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We are Big Idea Hunters…

We live in a time of information abundance, which far too many of us see as information overload. With the sum total of human knowledge, past and present, at our fingertips, we’re faced with a crisis of attention: which ideas should we engage with, and why? Big Think is an evolving roadmap to the best thinking on the planet — the ideas that can help you think flexibly and act decisively in a multivariate world.

A word about Big Ideas and Themes — The architecture of Big Think

Big ideas are lenses for envisioning the future. Every article and video on bigthink.com and on our learning platforms is based on an emerging “big idea” that is significant, widely relevant, and actionable. We’re sifting the noise for the questions and insights that have the power to change all of our lives, for decades to come. For example, reverse-engineering is a big idea in that the concept is increasingly useful across multiple disciplines, from education to nanotechnology.

Themes are the seven broad umbrellas under which we organize the hundreds of big ideas that populate Big Think. They include New World Order, Earth and Beyond, 21st Century Living, Going Mental, Extreme Biology, Power and Influence, and Inventing the Future.

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Robots Learn to Learn from Each Other, Not Just a Central Database

July 9, 2014, 3:00 PM

What's the Latest?

From self-parking cars to voice-recognition software on smartphones, the ability of individual machines to learn from collected sets of data is the forefront of artificial intelligence research. Now, a team of researchers from MIT have developed a new way for machines to learn directly from each other rather than taking in data from a central processing unit. "MIT's Laboratory for Information and Decision Systems have developed an algorithm in which distributed agents — such as robots exploring a building — collect data and analyze it independently. Pairs of agents, such as robots passing each other in the hall, then exchange analyses."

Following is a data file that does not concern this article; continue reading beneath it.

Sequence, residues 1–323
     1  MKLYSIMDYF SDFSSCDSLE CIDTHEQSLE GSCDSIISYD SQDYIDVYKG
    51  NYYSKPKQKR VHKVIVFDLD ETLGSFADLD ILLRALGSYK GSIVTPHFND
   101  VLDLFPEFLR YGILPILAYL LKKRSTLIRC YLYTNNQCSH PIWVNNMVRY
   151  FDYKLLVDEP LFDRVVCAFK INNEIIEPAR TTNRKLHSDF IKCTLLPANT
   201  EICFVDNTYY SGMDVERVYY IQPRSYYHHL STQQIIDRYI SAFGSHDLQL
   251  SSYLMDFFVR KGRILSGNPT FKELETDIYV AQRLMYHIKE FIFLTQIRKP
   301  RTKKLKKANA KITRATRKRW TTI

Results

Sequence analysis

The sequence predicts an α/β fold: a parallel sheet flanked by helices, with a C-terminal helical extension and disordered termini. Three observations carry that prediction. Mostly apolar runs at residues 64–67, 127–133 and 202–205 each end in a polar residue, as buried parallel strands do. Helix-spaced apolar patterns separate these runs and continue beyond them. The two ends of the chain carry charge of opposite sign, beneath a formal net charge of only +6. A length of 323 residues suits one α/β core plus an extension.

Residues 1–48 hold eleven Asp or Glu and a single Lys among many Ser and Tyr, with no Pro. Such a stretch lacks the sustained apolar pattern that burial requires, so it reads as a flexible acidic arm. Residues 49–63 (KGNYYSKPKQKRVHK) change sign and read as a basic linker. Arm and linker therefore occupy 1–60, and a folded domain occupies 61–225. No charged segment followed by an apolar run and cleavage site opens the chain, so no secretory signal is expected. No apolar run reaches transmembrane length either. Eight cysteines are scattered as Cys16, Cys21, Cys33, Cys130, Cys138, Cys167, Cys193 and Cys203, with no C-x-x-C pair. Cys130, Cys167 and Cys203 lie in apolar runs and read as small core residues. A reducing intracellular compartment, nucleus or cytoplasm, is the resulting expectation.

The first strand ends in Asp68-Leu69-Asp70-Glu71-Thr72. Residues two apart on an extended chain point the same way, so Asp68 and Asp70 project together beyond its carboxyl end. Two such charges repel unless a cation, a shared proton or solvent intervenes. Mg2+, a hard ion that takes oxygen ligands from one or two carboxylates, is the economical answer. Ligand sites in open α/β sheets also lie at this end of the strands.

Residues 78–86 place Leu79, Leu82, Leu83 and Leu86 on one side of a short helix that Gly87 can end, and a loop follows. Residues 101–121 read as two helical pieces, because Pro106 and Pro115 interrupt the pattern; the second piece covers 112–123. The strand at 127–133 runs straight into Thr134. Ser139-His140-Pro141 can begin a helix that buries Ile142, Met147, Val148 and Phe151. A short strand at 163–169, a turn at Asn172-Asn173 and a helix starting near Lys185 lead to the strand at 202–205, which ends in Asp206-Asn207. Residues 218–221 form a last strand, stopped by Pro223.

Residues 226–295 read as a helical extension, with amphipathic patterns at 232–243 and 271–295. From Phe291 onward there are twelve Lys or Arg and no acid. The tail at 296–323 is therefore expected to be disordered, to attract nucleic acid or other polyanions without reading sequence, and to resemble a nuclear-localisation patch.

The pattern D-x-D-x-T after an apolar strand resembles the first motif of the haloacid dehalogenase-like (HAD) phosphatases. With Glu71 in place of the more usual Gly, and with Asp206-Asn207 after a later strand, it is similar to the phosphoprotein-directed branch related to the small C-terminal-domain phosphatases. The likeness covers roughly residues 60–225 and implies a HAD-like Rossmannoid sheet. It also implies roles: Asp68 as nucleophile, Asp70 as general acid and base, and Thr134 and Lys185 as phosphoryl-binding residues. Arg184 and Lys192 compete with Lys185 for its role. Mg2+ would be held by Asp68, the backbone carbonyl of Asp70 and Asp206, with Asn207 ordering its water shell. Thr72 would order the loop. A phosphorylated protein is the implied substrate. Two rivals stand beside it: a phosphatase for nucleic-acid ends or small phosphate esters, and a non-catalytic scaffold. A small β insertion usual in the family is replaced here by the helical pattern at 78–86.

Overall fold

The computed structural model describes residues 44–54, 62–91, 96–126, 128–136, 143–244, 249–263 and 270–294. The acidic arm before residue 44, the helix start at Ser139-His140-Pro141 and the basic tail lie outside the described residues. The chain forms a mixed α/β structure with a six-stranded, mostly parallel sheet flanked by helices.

What's the Big Idea?

The new distributed algorithm outperformed the standard model which relies on a central processor of collected data. And while the model was mostly about robot collaboration, the results could affect big data as well, "since it would allow distributed servers to combine the results of their data analyses without aggregating the data at a central location." In the future, emergency response vehicles are expected to become increasingly automated so as to put fewer human lives at risk. In such a world, it would be essential for a team of land and air vehicles to accurately assess their surrounding environment and know how to respond as a coordinated team.

Read more at Kurzweil AI

Photo credit: Charles Taylor/Shutterstock


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